Most of us in journalism didn’t go into the profession only to write stories about people behaving badly, or only to rail against injustice, or only to point out all of society’s flaws. But too often the magnetic pull of the negative becomes the default definition of “news” and journalism fails to make enough room to celebrate and inspire the good that is happening all around us, even if we don’t quite notice.
It’s fascinating to watch David Miliband, a reserved British politician who never hid his Jewish roots but never comfortably displayed them either, draw connections from his faith and family history to his current line of work leading the International Rescue Committee.
The fact that a Jewish Israeli American is charged with making JCC bomb threats is confusing, infuriating and, yes, deeply embarrassing.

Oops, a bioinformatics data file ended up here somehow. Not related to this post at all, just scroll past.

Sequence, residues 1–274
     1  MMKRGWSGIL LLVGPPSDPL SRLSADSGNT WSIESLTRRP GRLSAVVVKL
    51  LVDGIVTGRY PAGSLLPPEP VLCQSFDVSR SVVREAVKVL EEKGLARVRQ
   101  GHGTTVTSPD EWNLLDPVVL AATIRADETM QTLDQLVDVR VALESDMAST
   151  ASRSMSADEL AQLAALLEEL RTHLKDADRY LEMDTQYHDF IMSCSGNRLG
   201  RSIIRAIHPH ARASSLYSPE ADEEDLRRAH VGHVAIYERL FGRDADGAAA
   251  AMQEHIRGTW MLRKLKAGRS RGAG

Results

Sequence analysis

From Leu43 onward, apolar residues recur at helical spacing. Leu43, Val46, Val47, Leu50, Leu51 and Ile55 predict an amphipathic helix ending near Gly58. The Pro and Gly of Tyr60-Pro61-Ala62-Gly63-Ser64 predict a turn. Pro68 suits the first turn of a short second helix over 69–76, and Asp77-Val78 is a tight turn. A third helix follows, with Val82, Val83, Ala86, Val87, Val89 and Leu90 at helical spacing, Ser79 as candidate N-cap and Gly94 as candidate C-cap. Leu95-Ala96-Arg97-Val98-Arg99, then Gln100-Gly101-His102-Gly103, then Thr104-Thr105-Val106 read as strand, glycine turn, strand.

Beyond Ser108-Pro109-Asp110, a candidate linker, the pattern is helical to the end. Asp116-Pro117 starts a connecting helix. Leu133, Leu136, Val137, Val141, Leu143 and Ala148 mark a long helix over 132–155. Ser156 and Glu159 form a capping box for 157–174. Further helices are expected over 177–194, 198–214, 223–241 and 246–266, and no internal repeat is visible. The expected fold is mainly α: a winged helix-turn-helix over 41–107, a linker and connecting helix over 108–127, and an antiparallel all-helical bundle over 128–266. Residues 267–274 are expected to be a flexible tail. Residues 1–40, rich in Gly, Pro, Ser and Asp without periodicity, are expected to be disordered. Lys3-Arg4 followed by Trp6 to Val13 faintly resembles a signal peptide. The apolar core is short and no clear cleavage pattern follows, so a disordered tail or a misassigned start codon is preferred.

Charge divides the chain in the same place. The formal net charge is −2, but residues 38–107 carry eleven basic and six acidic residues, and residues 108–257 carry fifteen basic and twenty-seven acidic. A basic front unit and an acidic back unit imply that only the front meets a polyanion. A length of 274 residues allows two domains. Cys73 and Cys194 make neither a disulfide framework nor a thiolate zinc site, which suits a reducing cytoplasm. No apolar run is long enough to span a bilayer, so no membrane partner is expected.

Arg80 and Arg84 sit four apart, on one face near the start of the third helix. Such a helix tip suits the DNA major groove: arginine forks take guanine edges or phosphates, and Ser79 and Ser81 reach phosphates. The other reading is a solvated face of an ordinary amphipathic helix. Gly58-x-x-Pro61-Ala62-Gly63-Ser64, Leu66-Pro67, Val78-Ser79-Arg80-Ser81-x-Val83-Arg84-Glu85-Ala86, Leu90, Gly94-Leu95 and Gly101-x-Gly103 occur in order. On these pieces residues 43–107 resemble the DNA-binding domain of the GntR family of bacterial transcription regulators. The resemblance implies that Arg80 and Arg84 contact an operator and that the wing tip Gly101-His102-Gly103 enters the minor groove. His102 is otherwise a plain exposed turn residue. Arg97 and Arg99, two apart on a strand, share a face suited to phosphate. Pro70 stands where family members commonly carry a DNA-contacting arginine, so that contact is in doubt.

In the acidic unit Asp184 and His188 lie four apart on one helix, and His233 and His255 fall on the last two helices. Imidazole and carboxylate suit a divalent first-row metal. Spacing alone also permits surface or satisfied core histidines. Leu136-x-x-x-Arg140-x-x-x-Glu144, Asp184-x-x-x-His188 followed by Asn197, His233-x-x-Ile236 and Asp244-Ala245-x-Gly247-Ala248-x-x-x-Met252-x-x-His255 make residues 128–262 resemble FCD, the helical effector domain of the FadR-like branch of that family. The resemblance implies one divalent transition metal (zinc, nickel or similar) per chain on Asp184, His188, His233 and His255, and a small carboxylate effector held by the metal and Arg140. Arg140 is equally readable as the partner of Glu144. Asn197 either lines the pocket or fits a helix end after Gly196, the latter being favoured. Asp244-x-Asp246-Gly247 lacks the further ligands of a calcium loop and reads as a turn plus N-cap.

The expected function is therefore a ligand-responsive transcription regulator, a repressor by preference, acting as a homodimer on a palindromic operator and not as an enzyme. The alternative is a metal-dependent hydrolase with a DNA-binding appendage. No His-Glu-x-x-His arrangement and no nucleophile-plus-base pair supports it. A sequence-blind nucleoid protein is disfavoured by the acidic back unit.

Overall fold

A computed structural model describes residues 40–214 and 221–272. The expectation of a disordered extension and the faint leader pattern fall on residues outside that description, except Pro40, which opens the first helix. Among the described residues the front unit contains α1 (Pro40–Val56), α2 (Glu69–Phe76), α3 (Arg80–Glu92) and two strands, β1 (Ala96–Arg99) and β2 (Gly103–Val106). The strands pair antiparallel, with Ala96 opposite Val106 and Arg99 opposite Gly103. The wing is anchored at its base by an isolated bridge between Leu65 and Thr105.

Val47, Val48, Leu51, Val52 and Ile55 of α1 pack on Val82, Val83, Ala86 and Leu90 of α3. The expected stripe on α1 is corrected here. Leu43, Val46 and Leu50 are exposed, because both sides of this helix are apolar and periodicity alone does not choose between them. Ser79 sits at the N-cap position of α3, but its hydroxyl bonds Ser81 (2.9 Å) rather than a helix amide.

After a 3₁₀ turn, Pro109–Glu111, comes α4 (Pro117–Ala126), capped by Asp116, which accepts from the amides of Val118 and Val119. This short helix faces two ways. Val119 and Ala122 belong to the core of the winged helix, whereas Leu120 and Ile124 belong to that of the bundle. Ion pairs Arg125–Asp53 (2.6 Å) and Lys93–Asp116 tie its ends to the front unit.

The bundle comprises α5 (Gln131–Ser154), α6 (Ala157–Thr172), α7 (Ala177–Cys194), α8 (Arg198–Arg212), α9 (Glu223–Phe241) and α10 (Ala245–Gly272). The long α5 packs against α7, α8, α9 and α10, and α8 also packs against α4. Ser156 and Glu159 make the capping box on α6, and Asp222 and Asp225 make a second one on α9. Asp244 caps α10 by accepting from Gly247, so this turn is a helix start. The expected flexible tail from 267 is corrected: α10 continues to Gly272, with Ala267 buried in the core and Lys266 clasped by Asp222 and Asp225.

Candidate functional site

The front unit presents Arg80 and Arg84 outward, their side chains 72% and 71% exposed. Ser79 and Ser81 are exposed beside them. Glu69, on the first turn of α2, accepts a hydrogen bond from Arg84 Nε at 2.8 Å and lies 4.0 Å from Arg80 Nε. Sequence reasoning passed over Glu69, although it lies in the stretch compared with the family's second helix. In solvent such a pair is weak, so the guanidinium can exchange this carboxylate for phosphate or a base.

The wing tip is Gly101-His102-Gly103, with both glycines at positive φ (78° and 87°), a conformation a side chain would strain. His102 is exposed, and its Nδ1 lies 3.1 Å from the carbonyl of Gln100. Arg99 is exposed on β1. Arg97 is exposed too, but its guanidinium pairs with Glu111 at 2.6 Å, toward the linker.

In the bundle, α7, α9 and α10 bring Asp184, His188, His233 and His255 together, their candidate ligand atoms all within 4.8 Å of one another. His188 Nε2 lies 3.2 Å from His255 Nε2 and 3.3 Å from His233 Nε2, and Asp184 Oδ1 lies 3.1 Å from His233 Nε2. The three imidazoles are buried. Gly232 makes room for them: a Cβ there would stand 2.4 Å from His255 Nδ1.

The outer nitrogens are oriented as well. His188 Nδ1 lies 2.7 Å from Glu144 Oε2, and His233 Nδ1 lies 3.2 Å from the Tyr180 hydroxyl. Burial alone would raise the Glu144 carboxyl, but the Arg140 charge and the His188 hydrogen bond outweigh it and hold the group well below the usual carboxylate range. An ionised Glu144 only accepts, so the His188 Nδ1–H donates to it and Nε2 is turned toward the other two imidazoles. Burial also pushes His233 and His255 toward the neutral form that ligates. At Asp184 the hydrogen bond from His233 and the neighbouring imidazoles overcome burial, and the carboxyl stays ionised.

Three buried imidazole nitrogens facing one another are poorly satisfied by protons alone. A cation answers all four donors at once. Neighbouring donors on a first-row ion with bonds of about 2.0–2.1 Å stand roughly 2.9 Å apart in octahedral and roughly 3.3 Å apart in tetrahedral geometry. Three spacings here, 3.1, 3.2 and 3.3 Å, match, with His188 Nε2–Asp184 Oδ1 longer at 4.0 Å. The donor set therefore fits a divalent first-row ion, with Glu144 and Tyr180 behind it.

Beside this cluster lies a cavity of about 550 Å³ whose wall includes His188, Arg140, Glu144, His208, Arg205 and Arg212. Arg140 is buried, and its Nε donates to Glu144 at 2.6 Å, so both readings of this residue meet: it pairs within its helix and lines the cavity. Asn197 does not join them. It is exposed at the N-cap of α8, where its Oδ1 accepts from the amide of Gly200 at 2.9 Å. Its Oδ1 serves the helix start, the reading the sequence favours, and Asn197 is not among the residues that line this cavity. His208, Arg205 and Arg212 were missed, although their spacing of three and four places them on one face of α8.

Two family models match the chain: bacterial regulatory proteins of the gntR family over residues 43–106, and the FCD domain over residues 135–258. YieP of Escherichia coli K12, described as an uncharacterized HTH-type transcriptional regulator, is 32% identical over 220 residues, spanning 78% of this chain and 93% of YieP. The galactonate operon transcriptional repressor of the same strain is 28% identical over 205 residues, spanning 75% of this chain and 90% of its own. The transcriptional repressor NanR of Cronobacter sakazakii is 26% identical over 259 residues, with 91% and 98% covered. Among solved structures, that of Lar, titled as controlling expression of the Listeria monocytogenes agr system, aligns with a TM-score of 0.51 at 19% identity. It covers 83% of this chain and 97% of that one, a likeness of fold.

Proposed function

The public has the right to ask whether Sebastian Gorka, a man with alarming associations and a checkered academic resume, should be in the White House room when national security issues are debated and decided.
Voucher programs will never be a long-term solution to what ails American education; there simply are not enough seats in private schools to replace public classrooms.
There is something liberating about the realization that I will never make perfect Hamantaschen for Purim.
While skeptics decry the politicization of anti-Semitism by forces opposed to President Trump, they are guilty of doing the very same thing in support of his agenda.
The Forward is honored to join Documenting Hate, a national initiative spearheaded by ProPublica.
Was Donald Trump’s February 28 address to a joint session of Congress the president’s bar mitzvah speech? It’s as if the wild, unruly kid decided to rise to the occasion in a deliberate attempt to offer a glimpse of what he could be.
President Trump delivered an unexpectedly presidential speech when he addressed a joint session of Congress last night, but the undercurrent was still a fierce nationalism. Here’s how Jane Eisner reacted.